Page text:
The worst part is, on the surface this is not a bad idea. As mentioned in the program notes and by Robson in the talkback that followed the performance, the original idea was much more naturalistic, with very early versions detailing Schoenberg’s actual life in Hollywood. In my estimation, their initial idea would likely have led to a dramatically inert work that had nothing to say. I have said plenty about this work already, but one thing I cannot call it is dramatically inert, and this concept actually does have something to say about an artist’s place in the world. If it had reigned in the excesses, the result could have been an earth-shattering masterpiece. What we get is only middling, and it is really such a shame because the Schoenberg fanboy in me really wanted to like this work.
It is also a shame, considering that Machover’s score is generally quite excellent: his score is incredibly rich and so full of character that I genuinely think it does warrant a second listening. Moreover, it manages to toe the fine line between fidelity to Schoenberg’s style and having its own dramatic identity with an insane Berio-esque touch that keeps each moment feeling new and refreshing, whether it quotes Bach or Ravel or even Schoenberg himself or it spins off into its own thing. Machover has called himself a big Schoenberg fan (he was conceiving the work for twenty years), and this is certainly reflected in the attention to detail in his score.
I also cannot fault the three singers that ran around the stage of the Emerson Paramount Center for anything: Omar Ebrahim somehow managed to create a great evocation of Schoenberg and a compelling character while navigating the work’s frequent excesses, and Sara Womble and Jesse Darden both deserve all of the accolades they will no doubt get for playing a variety of characters ranging from both of Schoenberg’s wives to The Good Earth producer Irving Thalberg and back. All of their voices were also top-notch, with Ebrahim’s stern yet warm voice soaring across Machover’s frequently difficult vocal writing, and with all three projecting excellently over the ensemble.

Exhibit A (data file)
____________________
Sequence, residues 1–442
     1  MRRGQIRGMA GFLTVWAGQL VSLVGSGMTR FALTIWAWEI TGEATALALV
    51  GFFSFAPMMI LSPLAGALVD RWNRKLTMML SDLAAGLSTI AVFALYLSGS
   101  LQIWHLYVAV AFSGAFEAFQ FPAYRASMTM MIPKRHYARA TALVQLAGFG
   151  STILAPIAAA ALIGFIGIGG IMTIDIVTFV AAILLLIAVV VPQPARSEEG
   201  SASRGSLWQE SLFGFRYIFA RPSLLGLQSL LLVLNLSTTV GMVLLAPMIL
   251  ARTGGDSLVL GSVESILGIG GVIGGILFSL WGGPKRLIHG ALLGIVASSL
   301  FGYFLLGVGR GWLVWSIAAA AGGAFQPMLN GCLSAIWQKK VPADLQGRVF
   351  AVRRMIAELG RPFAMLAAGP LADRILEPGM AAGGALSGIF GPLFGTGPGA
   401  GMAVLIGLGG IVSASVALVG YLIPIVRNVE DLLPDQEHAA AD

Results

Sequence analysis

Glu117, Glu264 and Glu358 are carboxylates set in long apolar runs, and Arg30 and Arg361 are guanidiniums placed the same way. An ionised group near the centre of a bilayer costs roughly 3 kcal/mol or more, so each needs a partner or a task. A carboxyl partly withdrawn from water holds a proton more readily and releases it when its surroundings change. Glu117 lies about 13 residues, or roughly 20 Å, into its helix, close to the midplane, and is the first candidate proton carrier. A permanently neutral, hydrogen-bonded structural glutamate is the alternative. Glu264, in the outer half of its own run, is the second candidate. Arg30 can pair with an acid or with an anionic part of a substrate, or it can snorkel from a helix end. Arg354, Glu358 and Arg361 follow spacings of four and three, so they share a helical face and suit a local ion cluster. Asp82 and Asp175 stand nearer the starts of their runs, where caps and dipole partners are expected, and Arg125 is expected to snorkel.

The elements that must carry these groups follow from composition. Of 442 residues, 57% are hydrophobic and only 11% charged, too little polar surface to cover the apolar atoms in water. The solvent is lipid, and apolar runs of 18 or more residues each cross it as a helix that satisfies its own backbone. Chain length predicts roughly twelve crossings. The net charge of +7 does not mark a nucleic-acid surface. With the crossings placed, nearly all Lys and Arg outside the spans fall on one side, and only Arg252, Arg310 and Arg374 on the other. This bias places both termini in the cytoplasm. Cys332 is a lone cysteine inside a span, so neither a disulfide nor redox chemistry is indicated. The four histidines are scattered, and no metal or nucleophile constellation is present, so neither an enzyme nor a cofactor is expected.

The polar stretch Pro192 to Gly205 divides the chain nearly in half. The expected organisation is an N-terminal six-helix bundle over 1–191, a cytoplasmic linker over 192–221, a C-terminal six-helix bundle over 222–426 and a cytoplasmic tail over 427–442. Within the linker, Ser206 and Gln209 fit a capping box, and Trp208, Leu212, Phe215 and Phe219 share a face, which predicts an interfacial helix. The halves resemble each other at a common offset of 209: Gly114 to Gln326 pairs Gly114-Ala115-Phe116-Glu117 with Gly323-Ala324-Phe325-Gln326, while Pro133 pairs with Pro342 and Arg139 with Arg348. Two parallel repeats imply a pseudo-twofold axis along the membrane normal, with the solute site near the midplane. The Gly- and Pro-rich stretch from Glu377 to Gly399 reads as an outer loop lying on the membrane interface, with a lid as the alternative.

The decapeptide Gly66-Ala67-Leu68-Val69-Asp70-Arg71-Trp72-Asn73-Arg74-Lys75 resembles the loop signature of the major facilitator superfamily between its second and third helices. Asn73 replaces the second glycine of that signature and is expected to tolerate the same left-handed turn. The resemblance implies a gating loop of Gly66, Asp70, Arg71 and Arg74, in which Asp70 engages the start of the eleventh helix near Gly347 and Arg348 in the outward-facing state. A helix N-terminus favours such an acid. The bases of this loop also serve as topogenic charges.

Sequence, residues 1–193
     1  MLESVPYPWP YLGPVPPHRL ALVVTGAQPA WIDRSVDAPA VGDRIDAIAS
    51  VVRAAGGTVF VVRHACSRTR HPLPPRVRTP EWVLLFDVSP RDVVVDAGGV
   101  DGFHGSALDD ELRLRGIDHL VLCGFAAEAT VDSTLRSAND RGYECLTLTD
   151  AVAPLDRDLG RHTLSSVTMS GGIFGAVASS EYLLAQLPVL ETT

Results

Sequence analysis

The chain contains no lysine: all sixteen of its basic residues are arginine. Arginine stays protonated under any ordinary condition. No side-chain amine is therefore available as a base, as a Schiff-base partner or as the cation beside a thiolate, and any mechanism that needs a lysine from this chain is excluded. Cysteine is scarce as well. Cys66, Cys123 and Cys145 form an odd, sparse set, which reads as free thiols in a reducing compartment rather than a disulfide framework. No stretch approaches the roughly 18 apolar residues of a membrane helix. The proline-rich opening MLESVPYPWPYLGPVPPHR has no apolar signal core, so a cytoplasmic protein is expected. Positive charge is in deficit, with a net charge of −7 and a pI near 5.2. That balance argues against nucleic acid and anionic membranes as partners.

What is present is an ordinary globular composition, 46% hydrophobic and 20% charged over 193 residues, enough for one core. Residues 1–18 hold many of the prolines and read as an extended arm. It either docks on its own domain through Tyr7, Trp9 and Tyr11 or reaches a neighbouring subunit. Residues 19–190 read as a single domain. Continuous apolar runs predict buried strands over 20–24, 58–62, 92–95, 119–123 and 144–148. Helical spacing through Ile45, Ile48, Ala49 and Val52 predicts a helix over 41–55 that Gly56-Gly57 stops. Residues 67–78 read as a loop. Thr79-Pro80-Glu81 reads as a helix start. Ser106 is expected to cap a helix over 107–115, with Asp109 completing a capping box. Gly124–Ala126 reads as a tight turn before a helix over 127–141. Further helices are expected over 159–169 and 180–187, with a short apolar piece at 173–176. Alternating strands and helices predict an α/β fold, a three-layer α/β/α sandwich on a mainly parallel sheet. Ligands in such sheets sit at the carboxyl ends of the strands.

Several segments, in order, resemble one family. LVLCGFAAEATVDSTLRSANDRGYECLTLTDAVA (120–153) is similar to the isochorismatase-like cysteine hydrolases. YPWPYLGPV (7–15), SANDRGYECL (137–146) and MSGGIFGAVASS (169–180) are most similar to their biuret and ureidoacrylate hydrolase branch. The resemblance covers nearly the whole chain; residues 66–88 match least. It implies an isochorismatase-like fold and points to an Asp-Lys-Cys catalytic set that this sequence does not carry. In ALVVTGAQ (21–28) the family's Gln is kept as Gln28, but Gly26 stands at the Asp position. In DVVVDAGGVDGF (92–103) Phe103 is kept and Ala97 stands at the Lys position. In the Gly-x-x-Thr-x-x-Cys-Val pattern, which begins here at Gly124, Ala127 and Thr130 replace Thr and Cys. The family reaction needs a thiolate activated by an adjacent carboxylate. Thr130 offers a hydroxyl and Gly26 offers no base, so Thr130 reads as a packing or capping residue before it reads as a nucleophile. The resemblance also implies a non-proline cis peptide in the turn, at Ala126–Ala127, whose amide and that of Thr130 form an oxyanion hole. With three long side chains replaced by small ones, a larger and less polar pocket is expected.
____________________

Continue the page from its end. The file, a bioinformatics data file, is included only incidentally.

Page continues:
But at the end of the day, a part of me cannot get over the excesses of following each film genre’s conventions. The conceit certainly could have worked with the right amount of restraint, but the problems with the show’s tone are so plentiful they took over the entire evening. Perhaps with a few tweaks in the libretto and less excessive production design, this opera could have become a masterpiece. It is a shame, then, that it falls short of its goal in the ways that it does: as a fan of Schoenberg myself, I was really hoping the show would be what it set out to be.
Boston Lyric Opera’s world premiere production of Schoenberg in Hollywood runs through November 18. For details and tickets, click here.